Personal Independence Payment: Autism

Work and Pensions written question – answered on 4th July 2012.

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Photo of Simon Hart Simon Hart Conservative, Carmarthen West and South Pembrokeshire

To ask the Secretary of State for Work and Pensions

(1) what representations he has received from (a) adults with autism and their families and (b) voluntary sector organisations about the assessment process for the personal independence payment and its accessibility for people with autism;

(2) what steps his Department is taking to ensure that the assessment process for the personal independence payment will be accessible for people with autism and other development disabilities.

Photo of Maria Miller Maria Miller The Parliamentary Under-Secretary of State for Work and Pensions

The Department has received a wide range of representations from individuals with autism, their families and voluntary organisations representing them, both in writing and in meetings.

We recently consulted on the draft assessment criteria for personal independence payment (PIP) and received very helpful responses from the National Autistic Society (NAS), Act Now for Autism, ARChive and Autism Cymru, as well as from a number of individuals with autism and family members of such individuals. Meanwhile, officials have had several meetings with NAS to discuss the assessment and how it will work for people with autistic spectrum disorders. This included meeting with individuals with autism who had been assessed as part of our testing of the PIP assessment criteria, to learn from their experience.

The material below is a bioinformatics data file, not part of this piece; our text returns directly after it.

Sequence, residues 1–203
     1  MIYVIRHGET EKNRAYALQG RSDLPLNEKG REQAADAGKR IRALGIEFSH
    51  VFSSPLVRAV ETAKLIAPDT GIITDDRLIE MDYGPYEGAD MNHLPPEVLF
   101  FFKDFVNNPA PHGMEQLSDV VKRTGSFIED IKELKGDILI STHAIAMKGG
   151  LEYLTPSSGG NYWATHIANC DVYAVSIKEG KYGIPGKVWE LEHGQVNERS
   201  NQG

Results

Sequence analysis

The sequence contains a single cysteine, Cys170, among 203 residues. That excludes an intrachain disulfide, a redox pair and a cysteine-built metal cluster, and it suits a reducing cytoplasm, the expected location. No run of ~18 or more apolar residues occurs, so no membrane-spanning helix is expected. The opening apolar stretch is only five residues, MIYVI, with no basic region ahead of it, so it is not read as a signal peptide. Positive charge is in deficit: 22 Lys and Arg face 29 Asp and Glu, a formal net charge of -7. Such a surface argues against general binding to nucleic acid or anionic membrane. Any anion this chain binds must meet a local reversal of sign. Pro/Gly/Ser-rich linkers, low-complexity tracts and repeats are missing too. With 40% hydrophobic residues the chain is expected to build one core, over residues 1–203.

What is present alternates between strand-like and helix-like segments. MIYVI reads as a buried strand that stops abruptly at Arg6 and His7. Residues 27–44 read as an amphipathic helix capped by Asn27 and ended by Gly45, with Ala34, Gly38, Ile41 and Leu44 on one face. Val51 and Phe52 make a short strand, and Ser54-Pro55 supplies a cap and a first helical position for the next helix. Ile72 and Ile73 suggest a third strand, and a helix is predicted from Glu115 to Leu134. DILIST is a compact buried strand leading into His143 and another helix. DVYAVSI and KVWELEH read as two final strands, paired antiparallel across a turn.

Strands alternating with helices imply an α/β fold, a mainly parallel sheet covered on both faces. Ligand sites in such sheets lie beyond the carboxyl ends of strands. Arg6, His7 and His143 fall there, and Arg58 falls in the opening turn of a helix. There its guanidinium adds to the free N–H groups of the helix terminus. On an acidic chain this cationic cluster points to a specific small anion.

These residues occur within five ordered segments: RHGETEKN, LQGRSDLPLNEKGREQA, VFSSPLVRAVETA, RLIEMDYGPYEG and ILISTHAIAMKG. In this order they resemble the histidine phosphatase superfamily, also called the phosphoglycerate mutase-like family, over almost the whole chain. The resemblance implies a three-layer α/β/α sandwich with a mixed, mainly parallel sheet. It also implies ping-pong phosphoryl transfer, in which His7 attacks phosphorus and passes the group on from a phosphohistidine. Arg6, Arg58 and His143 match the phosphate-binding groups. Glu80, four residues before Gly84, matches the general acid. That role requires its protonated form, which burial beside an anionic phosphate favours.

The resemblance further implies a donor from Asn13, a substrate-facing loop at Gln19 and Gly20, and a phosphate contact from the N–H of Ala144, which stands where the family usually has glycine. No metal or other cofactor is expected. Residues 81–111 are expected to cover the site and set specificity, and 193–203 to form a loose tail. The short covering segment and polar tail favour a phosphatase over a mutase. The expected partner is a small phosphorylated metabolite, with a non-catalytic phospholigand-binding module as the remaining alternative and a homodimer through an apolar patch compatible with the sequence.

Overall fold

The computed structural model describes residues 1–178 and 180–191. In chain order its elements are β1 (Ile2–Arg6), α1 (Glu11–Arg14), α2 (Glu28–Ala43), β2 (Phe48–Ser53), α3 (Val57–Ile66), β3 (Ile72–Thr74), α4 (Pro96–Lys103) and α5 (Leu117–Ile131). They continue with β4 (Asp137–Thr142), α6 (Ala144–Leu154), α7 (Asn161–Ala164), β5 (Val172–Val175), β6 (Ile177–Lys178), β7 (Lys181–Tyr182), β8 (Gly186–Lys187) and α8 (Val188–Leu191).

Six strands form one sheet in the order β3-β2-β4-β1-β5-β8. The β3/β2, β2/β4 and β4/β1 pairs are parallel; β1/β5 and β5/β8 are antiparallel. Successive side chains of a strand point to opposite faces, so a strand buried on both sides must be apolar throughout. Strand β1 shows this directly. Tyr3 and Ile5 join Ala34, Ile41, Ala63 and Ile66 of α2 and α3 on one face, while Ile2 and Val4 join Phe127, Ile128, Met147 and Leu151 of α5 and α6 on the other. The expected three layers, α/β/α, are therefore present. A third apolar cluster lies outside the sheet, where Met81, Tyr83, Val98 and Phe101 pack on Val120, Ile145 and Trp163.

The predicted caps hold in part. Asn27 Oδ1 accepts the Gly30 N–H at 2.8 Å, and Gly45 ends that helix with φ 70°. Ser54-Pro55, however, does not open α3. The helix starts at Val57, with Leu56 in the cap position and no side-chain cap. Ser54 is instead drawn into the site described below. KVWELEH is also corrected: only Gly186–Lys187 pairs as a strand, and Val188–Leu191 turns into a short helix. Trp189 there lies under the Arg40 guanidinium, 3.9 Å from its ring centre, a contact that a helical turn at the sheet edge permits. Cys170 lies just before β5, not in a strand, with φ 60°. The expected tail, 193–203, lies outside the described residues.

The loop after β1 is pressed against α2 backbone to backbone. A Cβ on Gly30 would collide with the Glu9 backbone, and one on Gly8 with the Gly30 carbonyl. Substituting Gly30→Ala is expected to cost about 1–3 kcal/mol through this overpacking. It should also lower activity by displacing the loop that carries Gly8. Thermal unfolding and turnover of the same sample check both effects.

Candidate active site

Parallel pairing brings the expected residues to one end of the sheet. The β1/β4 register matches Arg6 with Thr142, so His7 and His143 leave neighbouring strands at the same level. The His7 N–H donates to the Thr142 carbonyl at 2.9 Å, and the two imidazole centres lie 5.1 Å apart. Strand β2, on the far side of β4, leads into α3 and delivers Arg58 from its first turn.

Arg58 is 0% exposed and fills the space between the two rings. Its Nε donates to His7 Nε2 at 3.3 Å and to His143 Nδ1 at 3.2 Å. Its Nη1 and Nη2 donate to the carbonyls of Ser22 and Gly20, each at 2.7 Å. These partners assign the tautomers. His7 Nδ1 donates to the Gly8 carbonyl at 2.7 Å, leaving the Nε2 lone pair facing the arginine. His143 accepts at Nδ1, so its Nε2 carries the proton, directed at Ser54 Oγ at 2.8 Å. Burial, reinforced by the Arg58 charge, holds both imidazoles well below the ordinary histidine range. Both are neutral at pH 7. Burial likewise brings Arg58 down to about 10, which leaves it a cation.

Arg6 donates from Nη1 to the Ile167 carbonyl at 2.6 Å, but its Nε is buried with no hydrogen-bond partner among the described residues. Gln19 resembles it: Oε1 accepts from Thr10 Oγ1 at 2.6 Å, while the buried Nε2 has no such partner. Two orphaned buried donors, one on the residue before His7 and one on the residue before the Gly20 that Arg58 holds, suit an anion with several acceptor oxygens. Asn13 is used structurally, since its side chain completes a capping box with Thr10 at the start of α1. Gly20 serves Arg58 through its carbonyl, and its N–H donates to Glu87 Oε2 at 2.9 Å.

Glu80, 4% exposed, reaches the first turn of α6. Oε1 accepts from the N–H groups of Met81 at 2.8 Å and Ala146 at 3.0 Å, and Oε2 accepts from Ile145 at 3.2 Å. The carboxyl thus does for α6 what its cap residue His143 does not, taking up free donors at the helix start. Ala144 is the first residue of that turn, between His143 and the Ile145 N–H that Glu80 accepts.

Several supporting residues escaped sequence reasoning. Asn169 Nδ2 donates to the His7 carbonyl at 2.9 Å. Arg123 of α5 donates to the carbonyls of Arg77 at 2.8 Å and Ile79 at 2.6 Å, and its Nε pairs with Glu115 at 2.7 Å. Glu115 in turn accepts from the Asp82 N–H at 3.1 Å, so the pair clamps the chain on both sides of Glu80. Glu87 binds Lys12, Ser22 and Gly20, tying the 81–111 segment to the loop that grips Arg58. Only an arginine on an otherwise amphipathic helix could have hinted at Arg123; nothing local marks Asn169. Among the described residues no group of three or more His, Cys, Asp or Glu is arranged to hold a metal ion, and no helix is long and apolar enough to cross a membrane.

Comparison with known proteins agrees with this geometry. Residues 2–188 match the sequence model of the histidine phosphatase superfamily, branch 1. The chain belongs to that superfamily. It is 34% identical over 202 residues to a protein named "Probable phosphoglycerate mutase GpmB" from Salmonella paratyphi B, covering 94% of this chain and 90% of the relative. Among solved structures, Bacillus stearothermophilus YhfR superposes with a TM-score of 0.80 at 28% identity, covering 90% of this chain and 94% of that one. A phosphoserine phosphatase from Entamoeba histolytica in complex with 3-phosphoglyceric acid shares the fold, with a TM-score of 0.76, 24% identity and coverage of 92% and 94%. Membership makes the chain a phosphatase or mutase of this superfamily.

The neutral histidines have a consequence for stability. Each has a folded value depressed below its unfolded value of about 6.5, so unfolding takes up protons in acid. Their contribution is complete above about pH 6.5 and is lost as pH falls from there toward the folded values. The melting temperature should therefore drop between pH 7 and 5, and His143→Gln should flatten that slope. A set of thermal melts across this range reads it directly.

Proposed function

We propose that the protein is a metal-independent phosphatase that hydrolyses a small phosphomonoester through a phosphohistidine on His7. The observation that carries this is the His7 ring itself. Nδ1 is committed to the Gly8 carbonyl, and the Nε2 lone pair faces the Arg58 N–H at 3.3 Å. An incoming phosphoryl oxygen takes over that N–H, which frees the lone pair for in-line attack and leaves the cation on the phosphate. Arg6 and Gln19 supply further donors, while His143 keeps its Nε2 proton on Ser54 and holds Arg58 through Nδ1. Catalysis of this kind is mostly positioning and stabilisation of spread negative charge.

This engagement is helping to inform our work to ensure that the claim and assessment process is tailored to the needs of people with autism. Key elements of this include ensuring that:

we gather the right information and evidence from individuals and professionals involved in their care to support the assessment process; individuals can have a relative, friend, carer or advocate with them during any face-to-face consultations to reassure and support them; the health professionals who assess individuals are sufficiently trained in autism and other mental and cognitive impairments and have access to more specialist support where needed; claim forms and other materials being sent to individuals are clear and easily understandable; and those organisations who deliver assessments for PIP work closely with disabled people and their organisations as they develop their detailed plans for the assessment process.

Does this answer the above question?

Yes2 people think so

No3 people think not

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